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Leofwine the Monk Elfreda the Saxon Review by Christine Hindle

Emma Leslie
Salem Ridge Press
4263 Salem Drive
Emmaus, PA 18049
http://www.salemridgepress.com/

Leofwine the Monk and Elfreda the Saxon were written by Emma Leslie, a children's writer who lived 1837-1909. The first book is about a Saxon boy who does not fit in with the rough and brutal world of his father and brother. His father allows him to become a monk. In his quest he learns from other men who are preaching against some of the doctrines of the Catholic Church, and in his search for Truth he becomes a pilgrim to the Holy Land. This book ends with the Norman Conquest of England.

Book Two, Elfreda the Saxon, picks up about a hundred years later when the Saracens take the Holy Land back from the Crusaders. Elfreda is one of the orphans who was released to be taken back from Jerusalem to England. She goes to the home of her aunt, who has married one of the Normans and is afraid to let the world know of her Saxon roots. There is the belief among the people that their ancestor, Leofwine, had left a curse on their family because of his beliefs. Elfreda becomes acquainted with her aunt's firstborn son, who is a knight heading for the second round of Crusades to reclaim Jerusalem. The two eventually marry, and their experiences lead them to doubt the doctrines of the Catholic Church as well and become outcasts. This story leads up to the signing of the Magna Charta and the beginnings of the Church of England.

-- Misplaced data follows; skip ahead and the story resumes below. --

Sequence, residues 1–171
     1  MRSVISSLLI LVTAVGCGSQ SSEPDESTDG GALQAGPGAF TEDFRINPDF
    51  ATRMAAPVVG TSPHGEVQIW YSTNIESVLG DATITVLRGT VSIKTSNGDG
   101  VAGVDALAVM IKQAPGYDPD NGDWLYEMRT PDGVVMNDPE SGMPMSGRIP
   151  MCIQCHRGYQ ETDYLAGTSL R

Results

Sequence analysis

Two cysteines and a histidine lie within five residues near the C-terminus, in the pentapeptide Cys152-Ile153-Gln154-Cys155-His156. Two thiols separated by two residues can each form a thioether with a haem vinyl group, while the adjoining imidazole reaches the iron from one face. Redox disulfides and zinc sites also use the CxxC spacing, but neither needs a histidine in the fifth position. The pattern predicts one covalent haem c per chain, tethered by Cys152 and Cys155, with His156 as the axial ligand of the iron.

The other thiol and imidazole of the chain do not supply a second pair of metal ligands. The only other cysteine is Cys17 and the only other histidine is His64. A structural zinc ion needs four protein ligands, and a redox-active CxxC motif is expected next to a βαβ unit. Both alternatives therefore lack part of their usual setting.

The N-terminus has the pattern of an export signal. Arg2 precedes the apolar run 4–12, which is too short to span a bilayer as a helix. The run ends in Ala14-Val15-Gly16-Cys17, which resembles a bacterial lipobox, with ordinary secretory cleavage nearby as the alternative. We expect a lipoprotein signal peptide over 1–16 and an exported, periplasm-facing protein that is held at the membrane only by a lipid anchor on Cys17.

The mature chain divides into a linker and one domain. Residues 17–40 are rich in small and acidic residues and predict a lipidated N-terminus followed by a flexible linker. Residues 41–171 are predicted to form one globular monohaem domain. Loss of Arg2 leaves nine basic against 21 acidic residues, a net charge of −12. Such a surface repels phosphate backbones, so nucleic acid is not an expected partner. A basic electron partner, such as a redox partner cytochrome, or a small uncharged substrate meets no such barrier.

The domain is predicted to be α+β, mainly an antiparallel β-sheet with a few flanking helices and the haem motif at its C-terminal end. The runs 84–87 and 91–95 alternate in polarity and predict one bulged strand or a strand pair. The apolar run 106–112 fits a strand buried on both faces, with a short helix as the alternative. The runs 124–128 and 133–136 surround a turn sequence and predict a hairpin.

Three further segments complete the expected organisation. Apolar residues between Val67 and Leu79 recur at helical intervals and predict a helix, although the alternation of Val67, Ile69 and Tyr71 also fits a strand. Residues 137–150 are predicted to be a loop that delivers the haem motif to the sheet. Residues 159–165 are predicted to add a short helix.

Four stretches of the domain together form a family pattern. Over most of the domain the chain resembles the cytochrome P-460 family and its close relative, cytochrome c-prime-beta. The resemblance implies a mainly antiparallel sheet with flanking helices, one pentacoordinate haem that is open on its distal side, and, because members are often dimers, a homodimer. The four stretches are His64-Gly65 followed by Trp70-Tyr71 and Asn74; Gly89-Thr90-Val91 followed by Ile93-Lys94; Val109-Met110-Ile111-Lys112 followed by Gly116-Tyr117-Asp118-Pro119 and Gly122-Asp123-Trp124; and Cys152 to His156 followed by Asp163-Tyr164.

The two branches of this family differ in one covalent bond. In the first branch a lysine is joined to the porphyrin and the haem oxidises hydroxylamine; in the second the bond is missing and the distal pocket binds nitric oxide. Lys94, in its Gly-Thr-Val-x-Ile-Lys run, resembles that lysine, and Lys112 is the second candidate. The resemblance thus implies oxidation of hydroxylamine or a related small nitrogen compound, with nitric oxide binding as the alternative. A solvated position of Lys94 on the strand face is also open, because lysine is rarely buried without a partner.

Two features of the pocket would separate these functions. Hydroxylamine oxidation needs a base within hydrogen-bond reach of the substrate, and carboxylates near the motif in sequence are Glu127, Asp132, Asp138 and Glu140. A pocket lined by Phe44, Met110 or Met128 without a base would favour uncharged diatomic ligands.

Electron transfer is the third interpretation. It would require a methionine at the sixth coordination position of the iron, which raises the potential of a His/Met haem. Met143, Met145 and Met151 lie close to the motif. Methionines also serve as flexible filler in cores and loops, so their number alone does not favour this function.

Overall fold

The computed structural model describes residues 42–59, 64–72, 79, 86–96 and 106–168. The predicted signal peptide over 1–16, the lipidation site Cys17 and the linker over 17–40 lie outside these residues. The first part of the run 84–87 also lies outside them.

These books are very well written and very readable in spite of the fact that they were written in the 1800s. I enjoyed them and the additional insight they gave me. They provide a pleasurable way to understand English history and Church history. I would say that the history lesson is just a by-product of the opportunity to read a good story. My granddaughter is very interested in reading about this time period anyway, so these will be a welcome addition to her reading list and all the more fun because they were written so long ago.

Product review by Christine Hindle, The Old Schoolhouse® Magazine, LLC, January 2010

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